CLAIM: Receiving an mRNA vaccine will alter your DNA.
mRNA stands for messenger ribonucleic acid and can generally be described as instructions for your body on how to make a protein or even just a piece of a protein. mRNA is not able to alter or modify a person’s genetic makeup, or DNA. The mRNA from a COVID-19 vaccine never enters the nucleus of the cell, which is where our DNA is kept. Instead, COVID-19 vaccines that use mRNA work with the body’s natural defenses to safely develop protection (immunity) to the disease. Learn more from the CDC about how COVID-19 mRNA vaccines work.
Claim: COVID-19 or COVID-19 vaccines may affect someone’s menstrual cycle.
Some research suggests that some women who became ill with COVID-19 temporarily experienced changes to their menstrual cycles. Additionally, some women who received the COVID-19 vaccine reported that they experienced changes to their menstrual cycle. However, many factors which have been prevalent during the pandemic may cause someone to have irregular periods, including exposure to stress and getting more or less exercise than usual. More research is needed to determine whether COVID-19 or the COVID-19 vaccines directly affect the menstrual cycle.
Claim: COVID-19 vaccines can impair your fertility.
No vaccines cause infertility, including COVID-19 vaccines. The vaccines also don’t have an effect on pregnancy. However, COVID-19 itself may cause serious health complications in pregnant women.
The Centers for Disease Control and Prevention recommends that all people aged 12 and older get COVID-19 vaccines, including pregnant women and people of childbearing age, because the vaccines protect people’s health without impacting their fertility status.
Claim: After getting a COVID-19 vaccine, you’ll test positive for COVID-19.
People can’t test positive for COVID-19 after getting vaccinated, because the vaccines don’t contain live virus. Anyone who tests positive has been exposed to COVID-19 through other means.
It’s possible to test positive for COVID-19 antibodies which are directed against the “spike protein” after getting vaccinated, which are different than the antibody test and the antigen used for testing positive for illness. Having antibodies is a sign that you’re protected against the virus.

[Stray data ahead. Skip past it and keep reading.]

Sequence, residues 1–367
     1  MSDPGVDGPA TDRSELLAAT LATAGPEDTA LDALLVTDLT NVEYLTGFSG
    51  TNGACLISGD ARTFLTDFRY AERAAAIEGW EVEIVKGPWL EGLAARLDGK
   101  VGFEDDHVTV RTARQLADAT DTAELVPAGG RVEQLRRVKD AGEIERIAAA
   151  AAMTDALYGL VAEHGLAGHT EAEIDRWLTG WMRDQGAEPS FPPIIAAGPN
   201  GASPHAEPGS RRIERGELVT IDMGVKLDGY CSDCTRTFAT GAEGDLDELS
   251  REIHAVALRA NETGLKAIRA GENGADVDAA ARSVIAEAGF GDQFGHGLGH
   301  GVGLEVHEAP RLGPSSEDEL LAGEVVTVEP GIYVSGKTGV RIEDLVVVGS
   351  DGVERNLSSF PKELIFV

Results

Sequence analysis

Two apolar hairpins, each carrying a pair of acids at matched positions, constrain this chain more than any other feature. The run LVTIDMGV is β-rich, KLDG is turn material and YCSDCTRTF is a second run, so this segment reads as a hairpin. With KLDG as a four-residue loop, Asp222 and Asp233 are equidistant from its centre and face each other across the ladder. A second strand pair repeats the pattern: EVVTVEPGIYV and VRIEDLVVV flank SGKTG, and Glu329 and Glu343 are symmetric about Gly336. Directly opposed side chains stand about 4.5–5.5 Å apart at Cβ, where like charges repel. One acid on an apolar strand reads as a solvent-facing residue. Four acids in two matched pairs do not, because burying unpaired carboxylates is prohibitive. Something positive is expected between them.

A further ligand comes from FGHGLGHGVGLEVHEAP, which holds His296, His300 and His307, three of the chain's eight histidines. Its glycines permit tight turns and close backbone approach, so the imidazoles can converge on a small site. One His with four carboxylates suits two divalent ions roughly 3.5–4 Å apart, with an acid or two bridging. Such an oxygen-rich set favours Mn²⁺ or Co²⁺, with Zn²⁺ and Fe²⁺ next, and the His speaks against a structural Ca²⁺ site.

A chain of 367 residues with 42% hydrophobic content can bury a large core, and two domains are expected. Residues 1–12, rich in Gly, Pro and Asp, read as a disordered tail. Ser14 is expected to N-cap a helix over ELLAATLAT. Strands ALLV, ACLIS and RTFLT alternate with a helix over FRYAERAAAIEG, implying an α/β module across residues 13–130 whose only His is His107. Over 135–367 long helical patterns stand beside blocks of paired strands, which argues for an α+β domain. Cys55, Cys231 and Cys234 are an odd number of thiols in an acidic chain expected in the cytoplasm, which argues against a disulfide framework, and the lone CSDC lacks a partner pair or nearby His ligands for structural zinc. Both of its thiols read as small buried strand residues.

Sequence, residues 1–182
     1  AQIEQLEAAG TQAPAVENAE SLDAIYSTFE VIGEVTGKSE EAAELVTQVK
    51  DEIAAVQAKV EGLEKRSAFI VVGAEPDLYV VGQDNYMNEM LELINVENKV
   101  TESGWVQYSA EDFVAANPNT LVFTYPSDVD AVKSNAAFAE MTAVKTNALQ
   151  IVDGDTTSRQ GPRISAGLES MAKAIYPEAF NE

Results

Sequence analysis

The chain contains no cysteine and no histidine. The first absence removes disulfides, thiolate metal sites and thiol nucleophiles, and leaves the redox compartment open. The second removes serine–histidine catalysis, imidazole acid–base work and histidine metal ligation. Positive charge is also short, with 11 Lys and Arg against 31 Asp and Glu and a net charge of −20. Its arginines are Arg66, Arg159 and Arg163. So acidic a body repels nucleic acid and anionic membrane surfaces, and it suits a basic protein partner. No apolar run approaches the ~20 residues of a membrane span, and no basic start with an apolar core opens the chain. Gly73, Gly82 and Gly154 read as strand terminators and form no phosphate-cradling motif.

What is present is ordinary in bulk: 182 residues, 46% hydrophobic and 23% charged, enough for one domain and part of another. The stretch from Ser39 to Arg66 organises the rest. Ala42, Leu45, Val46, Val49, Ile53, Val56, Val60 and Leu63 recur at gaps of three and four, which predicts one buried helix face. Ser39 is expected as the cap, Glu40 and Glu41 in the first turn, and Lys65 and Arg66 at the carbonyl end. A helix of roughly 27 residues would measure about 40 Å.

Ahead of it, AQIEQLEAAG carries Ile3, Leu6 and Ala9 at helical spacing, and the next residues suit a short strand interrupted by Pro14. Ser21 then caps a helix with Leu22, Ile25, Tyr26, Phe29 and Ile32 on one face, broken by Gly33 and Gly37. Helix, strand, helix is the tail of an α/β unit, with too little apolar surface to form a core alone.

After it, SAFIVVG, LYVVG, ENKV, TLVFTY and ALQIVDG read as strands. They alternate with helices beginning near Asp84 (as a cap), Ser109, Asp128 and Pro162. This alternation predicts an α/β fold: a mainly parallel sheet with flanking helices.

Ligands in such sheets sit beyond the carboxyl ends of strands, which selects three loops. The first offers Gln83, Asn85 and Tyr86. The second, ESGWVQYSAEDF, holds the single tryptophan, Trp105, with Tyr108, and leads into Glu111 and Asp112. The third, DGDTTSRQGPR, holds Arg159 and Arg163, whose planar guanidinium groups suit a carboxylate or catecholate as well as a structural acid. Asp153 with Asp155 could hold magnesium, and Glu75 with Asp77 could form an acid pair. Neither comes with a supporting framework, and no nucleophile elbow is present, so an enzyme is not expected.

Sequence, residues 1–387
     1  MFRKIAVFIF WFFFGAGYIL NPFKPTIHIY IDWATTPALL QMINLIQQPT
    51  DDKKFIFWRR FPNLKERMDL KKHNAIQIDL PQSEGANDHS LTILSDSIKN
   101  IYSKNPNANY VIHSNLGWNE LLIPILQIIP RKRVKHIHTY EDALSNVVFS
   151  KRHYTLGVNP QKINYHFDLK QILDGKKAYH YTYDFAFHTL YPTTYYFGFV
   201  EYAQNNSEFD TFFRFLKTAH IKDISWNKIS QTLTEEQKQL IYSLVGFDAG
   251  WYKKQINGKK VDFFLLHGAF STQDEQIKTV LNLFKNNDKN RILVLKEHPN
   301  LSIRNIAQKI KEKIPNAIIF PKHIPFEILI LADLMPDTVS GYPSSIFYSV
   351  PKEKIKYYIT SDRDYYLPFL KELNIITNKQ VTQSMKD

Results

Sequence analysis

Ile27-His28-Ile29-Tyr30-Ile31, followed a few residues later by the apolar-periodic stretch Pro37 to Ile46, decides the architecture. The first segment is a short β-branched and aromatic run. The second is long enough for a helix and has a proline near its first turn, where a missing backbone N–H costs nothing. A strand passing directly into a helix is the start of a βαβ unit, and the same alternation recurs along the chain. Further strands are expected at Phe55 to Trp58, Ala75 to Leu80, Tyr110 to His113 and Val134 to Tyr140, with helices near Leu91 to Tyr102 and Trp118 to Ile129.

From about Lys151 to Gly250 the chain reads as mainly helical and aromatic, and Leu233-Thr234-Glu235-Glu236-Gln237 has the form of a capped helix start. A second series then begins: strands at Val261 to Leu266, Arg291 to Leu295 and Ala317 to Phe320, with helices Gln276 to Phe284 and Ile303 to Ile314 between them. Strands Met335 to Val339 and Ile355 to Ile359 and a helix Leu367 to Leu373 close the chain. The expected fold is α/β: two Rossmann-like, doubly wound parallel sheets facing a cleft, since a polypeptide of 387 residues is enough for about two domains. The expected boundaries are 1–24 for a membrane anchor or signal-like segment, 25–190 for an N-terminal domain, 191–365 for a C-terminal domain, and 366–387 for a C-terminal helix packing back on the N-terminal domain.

Claim: People who get COVID-19 vaccines “shed” the virus afterwards.
It’s only possible to shed a virus if you have the virus in your system. Vaccinated people don’t have the ability to shed viral particles because COVID-19 vaccines don’t contain live COVID-19 virus.
People who are sick with COVID-19 may shed viral particles, which is why individuals who have the virus should isolate themselves at home.
Claim: Ivermectin should be used to prevent and treat COVID-19.
Ivermectin is not approved or authorized by the FDA for the prevention or treatment of COVID-19.
Some studies have been conducted to evaluate the drug’s efficacy against COVID-19, however the data has been inconsistent, inconclusive and too small to be considered high quality. There is no reliable evidence that ivermectin should be used for COVID-19.
CLAIM: One COVID-19 vaccine is better than the other.
All three COVID-19 vaccines are effective at protecting against the virus. Here’s a comparison:
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The material provided through HealthU is intended to be used as general information only and should not replace the advice of your physician. Always consult your physician for individual care.